Ray Kamalay

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Ray Kamalay is an American jazz guitarist and singer from Detroit, Michigan who has recorded several jazz records with his group, the Red Hot Peppers. Kamalay is noted for his work with many folk music groups and notable jazz artists such as the Chenille Sisters, Johnny Frigo, and Howard Armstrong.[1] Kamalay is also well known for his work in music education, giving lectures and demonstrations on folk music topics.[2][3]

Career[edit]

After completing a degree in philosophy from the University of Detroit,[4] Kamalay began his career as a professional musician in 1974, concentrating on historic American music such as folk and jazz. In 1983, he formed his regular band, the Red Hot Peppers. The Red Hot Peppers has included several notable jazz musicians over the years, including the Chenille Sisters, Johnny Frigo, and Howard Armstrong, and trumpet player Walter White, who formerly played with the Harry Connick, Jr. orchestra.[5] His collaboration with Armstrong earned Kamalay a W.C. Handy Award nomination in 1998.[4]

In 2008, Kamalay began a music education program named "Freedom, Slavery and the Roots of American Music" in which he uses the guitar to demonstrate sounds from a variety of musical movements. He connects those movements with major periods and events in American history, such as the time of slavery. He has performed the program in celebration of Black History Month throughout Michigan.[2]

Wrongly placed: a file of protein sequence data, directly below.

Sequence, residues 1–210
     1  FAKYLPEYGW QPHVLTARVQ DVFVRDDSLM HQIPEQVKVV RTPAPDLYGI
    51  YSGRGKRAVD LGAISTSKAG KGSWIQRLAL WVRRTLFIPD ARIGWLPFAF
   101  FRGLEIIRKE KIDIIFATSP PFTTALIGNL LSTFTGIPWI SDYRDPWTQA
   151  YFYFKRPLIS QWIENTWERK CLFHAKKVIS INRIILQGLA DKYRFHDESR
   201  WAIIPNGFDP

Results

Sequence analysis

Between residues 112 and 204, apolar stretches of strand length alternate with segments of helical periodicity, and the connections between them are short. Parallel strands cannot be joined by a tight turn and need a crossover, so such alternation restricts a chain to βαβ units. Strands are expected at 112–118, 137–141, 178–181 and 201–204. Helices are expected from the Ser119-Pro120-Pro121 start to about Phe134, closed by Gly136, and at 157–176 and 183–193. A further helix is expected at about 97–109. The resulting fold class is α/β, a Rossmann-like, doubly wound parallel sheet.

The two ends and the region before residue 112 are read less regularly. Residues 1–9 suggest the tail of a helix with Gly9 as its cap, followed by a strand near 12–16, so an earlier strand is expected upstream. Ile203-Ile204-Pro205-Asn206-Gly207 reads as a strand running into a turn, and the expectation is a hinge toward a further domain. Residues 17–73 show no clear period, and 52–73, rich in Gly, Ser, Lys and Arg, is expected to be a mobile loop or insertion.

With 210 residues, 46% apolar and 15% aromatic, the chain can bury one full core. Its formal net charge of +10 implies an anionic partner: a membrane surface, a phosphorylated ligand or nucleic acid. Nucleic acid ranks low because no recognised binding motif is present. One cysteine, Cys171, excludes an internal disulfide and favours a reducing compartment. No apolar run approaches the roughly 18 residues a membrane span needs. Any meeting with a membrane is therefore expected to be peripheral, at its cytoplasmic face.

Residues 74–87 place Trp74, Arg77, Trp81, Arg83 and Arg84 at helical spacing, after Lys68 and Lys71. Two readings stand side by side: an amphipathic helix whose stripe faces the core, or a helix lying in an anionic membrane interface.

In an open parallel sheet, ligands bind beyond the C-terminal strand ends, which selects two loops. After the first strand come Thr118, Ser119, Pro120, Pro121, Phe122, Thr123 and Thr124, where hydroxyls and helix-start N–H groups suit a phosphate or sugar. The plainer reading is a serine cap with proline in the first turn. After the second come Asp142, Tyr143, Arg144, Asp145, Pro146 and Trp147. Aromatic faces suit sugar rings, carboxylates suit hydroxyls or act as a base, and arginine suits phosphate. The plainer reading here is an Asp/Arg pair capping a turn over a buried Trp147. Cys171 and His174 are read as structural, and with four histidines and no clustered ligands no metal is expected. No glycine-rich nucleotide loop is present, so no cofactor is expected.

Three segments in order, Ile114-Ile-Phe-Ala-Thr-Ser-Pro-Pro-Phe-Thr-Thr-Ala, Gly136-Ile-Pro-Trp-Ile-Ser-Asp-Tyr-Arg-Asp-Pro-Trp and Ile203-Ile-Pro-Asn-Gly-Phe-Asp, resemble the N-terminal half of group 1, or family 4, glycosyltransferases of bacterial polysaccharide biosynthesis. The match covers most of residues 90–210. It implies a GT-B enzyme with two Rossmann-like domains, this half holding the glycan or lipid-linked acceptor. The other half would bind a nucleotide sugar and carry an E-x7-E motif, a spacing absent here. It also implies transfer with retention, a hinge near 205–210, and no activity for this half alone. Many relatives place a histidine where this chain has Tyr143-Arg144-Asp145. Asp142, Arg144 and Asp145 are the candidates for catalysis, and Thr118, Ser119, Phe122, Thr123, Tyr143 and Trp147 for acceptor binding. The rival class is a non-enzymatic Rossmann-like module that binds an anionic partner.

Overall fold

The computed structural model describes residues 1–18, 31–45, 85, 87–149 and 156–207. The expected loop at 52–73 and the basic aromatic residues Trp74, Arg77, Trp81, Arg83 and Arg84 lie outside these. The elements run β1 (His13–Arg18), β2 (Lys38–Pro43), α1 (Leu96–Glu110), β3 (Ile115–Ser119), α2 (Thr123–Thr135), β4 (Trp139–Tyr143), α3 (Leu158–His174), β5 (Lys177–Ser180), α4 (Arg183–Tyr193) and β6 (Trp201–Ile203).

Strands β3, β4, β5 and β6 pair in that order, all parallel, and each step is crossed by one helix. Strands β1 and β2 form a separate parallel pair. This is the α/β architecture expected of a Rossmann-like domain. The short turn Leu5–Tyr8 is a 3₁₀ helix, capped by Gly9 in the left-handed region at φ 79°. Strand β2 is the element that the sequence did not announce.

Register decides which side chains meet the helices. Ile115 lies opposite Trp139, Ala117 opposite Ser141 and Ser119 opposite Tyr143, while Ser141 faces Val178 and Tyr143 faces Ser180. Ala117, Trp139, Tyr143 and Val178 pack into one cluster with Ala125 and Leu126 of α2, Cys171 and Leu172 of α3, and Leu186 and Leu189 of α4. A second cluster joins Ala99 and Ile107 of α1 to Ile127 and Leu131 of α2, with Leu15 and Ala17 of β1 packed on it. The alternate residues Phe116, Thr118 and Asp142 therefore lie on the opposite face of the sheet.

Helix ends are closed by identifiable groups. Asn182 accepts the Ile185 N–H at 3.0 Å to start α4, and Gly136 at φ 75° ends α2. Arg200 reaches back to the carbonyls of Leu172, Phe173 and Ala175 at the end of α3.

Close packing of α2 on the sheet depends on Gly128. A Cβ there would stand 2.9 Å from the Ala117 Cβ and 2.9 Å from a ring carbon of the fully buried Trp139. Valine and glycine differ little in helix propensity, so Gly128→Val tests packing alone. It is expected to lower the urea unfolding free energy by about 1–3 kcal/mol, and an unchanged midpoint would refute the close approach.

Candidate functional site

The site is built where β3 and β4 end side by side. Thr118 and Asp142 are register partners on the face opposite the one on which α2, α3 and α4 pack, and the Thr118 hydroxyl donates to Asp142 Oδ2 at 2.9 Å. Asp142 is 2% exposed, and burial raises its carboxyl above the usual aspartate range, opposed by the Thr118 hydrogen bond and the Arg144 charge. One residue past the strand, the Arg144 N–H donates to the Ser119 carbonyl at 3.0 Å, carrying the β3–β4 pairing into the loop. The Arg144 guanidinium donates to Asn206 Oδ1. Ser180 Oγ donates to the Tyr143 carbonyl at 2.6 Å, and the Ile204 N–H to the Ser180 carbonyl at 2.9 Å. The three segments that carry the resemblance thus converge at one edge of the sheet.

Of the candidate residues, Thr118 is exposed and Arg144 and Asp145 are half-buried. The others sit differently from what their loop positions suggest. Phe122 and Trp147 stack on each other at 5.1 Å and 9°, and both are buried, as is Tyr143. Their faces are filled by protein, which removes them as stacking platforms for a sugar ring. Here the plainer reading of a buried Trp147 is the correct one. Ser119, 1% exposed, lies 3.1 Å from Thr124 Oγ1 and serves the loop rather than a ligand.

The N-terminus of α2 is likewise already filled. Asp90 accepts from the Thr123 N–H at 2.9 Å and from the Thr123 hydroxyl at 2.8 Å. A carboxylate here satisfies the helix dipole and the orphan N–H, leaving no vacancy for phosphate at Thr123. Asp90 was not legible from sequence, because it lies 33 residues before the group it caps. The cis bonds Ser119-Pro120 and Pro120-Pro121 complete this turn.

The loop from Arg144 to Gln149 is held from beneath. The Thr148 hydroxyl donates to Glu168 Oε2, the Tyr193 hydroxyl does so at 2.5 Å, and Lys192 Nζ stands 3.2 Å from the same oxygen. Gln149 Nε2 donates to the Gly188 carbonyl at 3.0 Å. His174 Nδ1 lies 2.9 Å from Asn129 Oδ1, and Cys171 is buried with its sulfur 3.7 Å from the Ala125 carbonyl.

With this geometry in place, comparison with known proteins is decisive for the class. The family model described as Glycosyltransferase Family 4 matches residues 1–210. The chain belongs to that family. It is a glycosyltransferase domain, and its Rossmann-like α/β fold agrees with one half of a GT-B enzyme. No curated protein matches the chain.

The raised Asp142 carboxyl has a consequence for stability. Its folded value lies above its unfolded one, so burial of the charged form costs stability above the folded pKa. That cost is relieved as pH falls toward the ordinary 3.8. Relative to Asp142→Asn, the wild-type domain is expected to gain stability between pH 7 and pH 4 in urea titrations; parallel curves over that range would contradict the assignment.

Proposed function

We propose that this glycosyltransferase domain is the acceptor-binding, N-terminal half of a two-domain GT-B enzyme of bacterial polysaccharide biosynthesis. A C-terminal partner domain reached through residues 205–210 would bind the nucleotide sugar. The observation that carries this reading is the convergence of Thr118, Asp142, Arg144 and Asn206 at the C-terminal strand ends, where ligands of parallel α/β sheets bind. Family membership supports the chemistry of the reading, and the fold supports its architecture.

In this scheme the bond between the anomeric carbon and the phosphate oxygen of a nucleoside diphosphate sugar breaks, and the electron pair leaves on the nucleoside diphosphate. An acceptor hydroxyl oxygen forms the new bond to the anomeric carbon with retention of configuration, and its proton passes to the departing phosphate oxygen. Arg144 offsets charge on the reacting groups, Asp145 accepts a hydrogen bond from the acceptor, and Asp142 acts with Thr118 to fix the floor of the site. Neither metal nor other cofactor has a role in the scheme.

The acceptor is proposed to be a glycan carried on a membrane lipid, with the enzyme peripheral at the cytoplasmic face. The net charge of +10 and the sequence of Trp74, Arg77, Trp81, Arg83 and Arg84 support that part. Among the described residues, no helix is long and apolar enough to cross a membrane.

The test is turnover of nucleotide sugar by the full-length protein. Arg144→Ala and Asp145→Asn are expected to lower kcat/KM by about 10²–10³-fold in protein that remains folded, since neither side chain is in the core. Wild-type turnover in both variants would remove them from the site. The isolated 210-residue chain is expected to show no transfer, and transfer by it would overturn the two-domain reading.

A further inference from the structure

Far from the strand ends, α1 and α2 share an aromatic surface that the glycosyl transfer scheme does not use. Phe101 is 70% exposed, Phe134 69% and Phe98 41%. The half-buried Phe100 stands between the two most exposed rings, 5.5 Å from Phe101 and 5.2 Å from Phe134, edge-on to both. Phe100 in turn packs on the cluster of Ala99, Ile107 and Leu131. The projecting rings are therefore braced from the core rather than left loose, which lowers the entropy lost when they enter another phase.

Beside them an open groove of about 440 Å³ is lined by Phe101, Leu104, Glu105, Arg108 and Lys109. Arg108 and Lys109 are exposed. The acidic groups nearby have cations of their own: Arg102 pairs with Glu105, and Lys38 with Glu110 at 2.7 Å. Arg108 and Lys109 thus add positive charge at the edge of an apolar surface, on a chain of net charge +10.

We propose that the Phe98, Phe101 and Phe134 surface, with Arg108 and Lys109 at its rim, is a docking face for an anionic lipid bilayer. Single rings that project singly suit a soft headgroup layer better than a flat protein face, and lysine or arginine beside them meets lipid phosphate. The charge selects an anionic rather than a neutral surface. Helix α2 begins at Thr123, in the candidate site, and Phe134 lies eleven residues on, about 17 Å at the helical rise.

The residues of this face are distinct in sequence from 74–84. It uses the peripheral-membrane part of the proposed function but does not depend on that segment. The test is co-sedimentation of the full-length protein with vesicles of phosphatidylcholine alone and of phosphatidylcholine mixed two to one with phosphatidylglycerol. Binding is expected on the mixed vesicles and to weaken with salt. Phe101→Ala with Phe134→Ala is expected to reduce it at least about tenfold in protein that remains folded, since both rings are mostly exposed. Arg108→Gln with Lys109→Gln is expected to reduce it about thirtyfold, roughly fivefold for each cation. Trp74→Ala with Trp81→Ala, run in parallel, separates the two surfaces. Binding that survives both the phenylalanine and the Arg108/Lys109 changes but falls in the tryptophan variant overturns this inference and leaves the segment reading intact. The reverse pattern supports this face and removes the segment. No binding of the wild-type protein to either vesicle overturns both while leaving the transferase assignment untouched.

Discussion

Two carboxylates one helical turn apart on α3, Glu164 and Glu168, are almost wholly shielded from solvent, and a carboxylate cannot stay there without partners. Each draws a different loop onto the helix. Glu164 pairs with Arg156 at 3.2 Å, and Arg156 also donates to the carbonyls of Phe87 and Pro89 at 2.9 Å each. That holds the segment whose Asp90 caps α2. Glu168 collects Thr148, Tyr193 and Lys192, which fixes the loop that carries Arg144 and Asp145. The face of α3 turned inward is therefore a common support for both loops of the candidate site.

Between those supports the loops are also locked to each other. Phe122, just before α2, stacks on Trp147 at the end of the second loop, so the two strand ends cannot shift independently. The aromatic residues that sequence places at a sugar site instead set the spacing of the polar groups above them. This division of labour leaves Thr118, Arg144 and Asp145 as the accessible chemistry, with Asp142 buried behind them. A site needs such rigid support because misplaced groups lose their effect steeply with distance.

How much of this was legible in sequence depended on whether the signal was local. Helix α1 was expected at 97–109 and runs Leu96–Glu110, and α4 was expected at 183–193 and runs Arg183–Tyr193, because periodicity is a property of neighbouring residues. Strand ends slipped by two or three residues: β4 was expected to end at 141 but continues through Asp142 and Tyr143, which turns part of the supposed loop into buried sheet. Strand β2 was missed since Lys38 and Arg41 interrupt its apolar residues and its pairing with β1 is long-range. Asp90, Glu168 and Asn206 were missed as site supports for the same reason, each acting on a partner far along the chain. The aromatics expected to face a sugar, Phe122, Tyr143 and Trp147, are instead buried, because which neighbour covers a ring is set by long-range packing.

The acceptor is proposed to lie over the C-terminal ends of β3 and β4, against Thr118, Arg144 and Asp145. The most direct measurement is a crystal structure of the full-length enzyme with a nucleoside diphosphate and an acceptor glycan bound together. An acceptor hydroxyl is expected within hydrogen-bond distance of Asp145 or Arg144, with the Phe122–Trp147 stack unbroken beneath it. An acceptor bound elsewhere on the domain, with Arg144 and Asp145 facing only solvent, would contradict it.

Discography[edit]

Ray Kamalay
  • 1993 – Vignettes
Ray Kamalay and his Red Hot Peppers
  • 1988 – I Saw Stars
  • 1997 – The Joint is Jumpin'
  • 1997 – Love's Hope
  • 2000 – Meet Me Where They Play the Blues
The Howard Armstrong Trio
  • 1995 – Louie Bluie

References[edit]

  1. ^ Mabus, Joel (Fall 2002). "A pillar of the Michigan folk music and vintage jazz community, Ray Kamalay had a very close call in late July". Sing Out! 46 (3): p.10. 
  2. ^ a b Staff (2008-02-03). "Guitar tells stories from slavery to jazz". Detroit Free Press. 
  3. ^ Staff (2008-01-13). "Explore roots of American music". Detroit Free Press. 
  4. ^ a b "Musician Ray Kamalay". H-Net.org. The Historical Society of Michigan. Retrieved 2010-10-21. 
  5. ^ Mirgain, Rae (2008-02-19). "Ray Kamalay & His Red Hot Peppers heat up Tibbits". Battle Creek Enquirer. Retrieved 2008-03-09. [dead link]

External links[edit]